6. See-how-smart-I-am language
In my first draft of this piece, I wrote “Even the most unctuous salesperson…” above. Even though “unctuous” is a deliciously vivid word, I changed it to “slimy,” because words that many people encounter only when studying for college entrance exams tend to stop them. As Elmore Leonard put it, “I once noticed Mary McCarthy ending a line of dialogue with ‘she asseverated,’ and had to stop reading to get the dictionary.” Avoid words like “Machiavellian,” “peremptory,” “punctilious” or “moribund” in promotional writing.
When the desire to buy is rising up in readers’ minds, the thought, “How much?” often accompanies it. Your price must be located where readers’ eyes or mouse scrolls look for it, or frustration breaks the spell. In a long sales page or sales email, readers look for the price toward the end. Don’t make people click to a second page to learn the price. It takes them out of their daze, changing their mode of awareness, so that you risk losing them altogether.
8. Belaboring the point
Attention is precious. When readers are cruising along in what you wrote and you force them to stay in one thought too long, they flee. That’s why learning to edit yourself pays off. When you look through what you wrote and see that you just keep insisting on something or make the same point three times, find the strongest phrasing and delete the rest.
9. Gratuitous, damaging asides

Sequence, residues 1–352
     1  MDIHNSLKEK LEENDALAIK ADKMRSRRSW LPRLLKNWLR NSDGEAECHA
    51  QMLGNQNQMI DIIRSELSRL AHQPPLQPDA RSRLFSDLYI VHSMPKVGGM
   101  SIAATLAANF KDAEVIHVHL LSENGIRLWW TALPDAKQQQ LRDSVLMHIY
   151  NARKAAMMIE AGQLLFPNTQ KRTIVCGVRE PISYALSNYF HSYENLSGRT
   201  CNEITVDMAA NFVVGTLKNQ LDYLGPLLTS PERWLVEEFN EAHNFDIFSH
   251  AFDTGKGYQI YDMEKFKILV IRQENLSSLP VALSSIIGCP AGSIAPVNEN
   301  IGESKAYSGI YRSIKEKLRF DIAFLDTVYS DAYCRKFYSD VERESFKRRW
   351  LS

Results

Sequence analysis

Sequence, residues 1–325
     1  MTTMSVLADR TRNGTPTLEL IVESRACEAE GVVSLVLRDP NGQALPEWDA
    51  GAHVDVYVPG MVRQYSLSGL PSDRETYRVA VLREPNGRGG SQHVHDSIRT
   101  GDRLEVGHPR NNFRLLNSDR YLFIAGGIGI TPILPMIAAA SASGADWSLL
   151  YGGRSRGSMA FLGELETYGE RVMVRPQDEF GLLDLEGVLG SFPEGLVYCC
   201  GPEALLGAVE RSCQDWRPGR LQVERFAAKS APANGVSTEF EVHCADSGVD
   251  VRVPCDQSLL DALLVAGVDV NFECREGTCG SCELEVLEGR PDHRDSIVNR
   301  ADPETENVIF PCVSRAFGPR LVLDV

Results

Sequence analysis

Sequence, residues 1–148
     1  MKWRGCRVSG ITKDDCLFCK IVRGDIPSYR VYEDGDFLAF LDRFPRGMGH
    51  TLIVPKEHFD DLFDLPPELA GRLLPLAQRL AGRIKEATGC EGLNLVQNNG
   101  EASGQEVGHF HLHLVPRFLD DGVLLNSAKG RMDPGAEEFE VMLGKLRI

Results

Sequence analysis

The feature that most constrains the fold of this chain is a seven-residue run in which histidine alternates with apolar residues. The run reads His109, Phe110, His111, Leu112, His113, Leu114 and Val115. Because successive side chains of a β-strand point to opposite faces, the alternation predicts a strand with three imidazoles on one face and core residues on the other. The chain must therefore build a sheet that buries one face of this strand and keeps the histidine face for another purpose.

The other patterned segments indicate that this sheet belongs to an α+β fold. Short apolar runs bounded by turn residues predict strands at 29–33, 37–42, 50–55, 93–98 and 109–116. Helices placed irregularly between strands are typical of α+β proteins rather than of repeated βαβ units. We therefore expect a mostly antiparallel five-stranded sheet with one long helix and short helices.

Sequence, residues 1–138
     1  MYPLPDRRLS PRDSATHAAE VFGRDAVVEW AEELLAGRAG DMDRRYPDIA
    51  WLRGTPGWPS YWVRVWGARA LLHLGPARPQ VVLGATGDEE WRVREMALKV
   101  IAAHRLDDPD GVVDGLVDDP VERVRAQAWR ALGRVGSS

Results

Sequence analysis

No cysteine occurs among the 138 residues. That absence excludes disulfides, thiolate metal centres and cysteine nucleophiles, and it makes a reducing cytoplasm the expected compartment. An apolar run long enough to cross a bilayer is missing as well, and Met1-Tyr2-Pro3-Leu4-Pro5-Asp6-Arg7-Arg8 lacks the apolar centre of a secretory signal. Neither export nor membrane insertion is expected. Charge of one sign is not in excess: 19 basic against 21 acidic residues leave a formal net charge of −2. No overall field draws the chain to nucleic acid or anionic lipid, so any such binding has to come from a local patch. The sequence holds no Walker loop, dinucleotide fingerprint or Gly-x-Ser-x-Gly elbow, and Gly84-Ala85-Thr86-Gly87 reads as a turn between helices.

Self-disclosure has its place, but avoid dropping in personal information that readers may judge you on just because you thought of it while you were writing. Let’s say you’re making a point about lawyers. You don’t have to mention that you were visiting Fink, Frome & Fisher for advice on your second bankruptcy. I’ve seen marketers unnecessarily bring up lying, cheating, deviant behavior and suicide attempts that they didn’t realize might be showstoppers for some customers and prospects.
“At GoneKwik®, we specialize in ridding your home of mice, roaches and other Cursed Critters™. With our limited-time $79 Kwikety Split Special®, the Cursed Critters™ are GoneForGud™ and GoneKwik®. Call GoneKwik® today!” Notice anything distracting there? Apple has more than 250 trademarks and the best intellectual property attorneys money can buy, and they don’t clutter up their website promotions with trademark signs.
11. Stories left hanging
I learned this principle years ago from a magazine editor who was telling me what needed to be fixed in an article I’d submitted about intuition. “You quote somebody jogging through Central Park who had a feeling that danger lurked around the bend. And then you just go on to your next point. But the readers are still with that jogger, hoping she was okay. What happened?” Unless you are deliberately trying to create suspense, close out your anecdotes. Don’t leave readers wondering about the outcome of an anecdote.
12. A list that gets lost
When you say there are four keys to success in scrapbooking, the reader expects four easy-to-spot points. If you write “first,” “second,” and then make the reader hunt for the third and fourth keys, you’ve broken the spell. It’s just as bad to announce four keys and then actually present either three or five.
Still not convinced these sorts of intrusions, omissions and mistakes truly do make a difference in knocking readers and shoppers out of sync with you? In Wellesley, Massachusetts, a man wearing aviator sunglasses handed bank teller Janee Gay Berdan a scribbled note that read, “Give me your 10s and 20s and no die pack.” It didn’t register on Berdan that he was trying to hold up the bank, because the misspelling of “die pack” instead of “dye pack” captured and held her attention. Annoyed instead of fearful, she reread the note, then crumpled it up and told the guy, “I’m not giving you any money. Now get the hell out of here.” He fled the bank.
Featured image courtesy of Julian Povey licensed via Creative Commons.